Eleven Presidents: Promises vs. Results in Achieving Limited Government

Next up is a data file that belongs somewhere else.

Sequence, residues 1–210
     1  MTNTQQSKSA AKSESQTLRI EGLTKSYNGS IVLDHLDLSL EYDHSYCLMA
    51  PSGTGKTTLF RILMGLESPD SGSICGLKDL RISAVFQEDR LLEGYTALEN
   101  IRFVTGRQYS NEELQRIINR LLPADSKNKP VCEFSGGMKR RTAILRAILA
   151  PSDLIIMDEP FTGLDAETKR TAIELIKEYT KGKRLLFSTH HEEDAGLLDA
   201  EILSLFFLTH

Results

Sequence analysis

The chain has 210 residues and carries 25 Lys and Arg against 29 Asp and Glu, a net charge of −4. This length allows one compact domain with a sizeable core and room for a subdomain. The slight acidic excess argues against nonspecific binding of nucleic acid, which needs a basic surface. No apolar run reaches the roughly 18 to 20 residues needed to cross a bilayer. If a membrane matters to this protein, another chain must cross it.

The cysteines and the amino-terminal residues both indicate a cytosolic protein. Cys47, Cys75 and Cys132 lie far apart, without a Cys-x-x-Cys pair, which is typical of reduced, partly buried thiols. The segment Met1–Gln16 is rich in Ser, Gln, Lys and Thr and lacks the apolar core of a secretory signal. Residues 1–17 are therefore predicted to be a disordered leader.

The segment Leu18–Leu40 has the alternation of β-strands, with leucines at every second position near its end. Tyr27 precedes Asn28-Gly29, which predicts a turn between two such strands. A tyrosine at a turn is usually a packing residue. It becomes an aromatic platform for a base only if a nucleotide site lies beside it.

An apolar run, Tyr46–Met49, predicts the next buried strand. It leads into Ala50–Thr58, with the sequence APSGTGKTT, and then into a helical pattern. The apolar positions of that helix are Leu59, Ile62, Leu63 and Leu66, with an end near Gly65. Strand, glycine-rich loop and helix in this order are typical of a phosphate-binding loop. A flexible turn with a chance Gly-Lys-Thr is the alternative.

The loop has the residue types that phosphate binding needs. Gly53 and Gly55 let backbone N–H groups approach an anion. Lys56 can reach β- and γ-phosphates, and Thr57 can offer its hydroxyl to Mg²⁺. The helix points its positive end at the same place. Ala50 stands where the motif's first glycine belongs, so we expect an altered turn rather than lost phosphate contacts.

Presidents who claimed to limit government often actually did the opposite. History often looks unfavorably on presidents who may have actually contributed smart and important policies. Were Harding and Coolidge really as ineffective as their reputations maintain? Did Hoover not do enough to end the Depression? Was Reagan a true champion of small-government conservatism? We all know that the American president is one of the most powerful people in the world. But to understand the presidency today we often have to learn from the past. Author Ivan Eland offers a new perspective in Eleven Presidents on the evolution of the executive office by exploring the policies of eleven key presidents who held office over the last one hundred years: Warren G. Harding, Calvin Coolidge, Herbert Hoover, Dwight D. Eisenhower, Richard Nixon, Gerald Ford, Jimmy Carter, Ronald Reagan, George H. W. Bush, Bill Clinton, and George W. Bush. The book combines an exploration of how political currents shape historical legacies with an in-depth analysis of presidents’ actual policies. An important, revealing book about the presidency, legacy, and the formation of history, Eleven Presidents is essential reading for understanding the American presidency.